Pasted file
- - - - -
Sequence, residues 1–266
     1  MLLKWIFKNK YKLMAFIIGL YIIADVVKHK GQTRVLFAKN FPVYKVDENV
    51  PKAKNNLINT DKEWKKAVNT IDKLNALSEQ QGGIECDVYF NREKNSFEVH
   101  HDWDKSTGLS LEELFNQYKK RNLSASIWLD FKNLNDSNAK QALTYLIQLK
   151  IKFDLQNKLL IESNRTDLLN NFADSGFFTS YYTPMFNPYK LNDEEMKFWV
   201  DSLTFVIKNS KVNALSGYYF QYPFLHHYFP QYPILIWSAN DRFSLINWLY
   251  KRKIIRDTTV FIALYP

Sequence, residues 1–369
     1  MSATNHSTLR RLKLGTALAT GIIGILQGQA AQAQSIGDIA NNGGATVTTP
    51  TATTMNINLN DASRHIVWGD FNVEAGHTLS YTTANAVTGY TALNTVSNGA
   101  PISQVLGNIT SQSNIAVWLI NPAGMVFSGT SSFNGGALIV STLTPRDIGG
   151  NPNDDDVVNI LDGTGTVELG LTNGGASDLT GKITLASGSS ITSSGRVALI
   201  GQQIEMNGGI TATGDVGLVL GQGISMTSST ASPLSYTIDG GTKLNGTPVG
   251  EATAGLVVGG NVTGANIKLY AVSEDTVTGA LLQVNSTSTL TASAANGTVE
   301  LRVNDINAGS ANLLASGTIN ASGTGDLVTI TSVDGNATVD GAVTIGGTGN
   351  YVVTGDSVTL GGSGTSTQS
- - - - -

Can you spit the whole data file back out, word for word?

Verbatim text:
Sequence, residues 1–266
     1  MLLKWIFKNK YKLMAFIIGL YIIADVVKHK GQTRVLFAKN FPVYKVDENV
    51  PKAKNNLINT DKEWKKAVNT IDKLNALSEQ QGGIECDVYF NREKNSFEVH
   101  HDWDKSTGLS LEELFNQYKK RNLSASIWLD FKNLNDSNAK QALTYLIQLK
   151  IKFDLQNKLL IESNRTDLLN NFADSGFFTS YYTPMFNPYK LNDEEMKFWV
   201  DSLTFVIKNS KVNALSGYYF QYPFLHHYFP QYPILIWSAN DRFSLINWLY
   251  KRKIIRDTTV FIALYP

Sequence, residues 1–369
     1  MSATNHSTLR RLKLGTALAT GIIGILQGQA AQAQSIGDIA NNGGATVTTP
    51  TATTMNINLN DASRHIVWGD FNVEAGHTLS YTTANAVTGY TALNTVSNGA
   101  PISQVLGNIT SQSNIAVWLI NPAGMVFSGT SSFNGGALIV STLTPRDIGG
   151  NPNDDDVVNI LDGTGTVELG LTNGGASDLT GKITLASGSS ITSSGRVALI
   201  GQQIEMNGGI TATGDVGLVL GQGISMTSST ASPLSYTIDG GTKLNGTPVG
   251  EATAGLVVGG NVTGANIKLY AVSEDTVTGA LLQVNSTSTL TASAANGTVE
   301  LRVNDINAGS ANLLASGTIN ASGTGDLVTI TSVDGNATVD GAVTIGGTGN
   351  YVVTGDSVTL GGSGTSTQS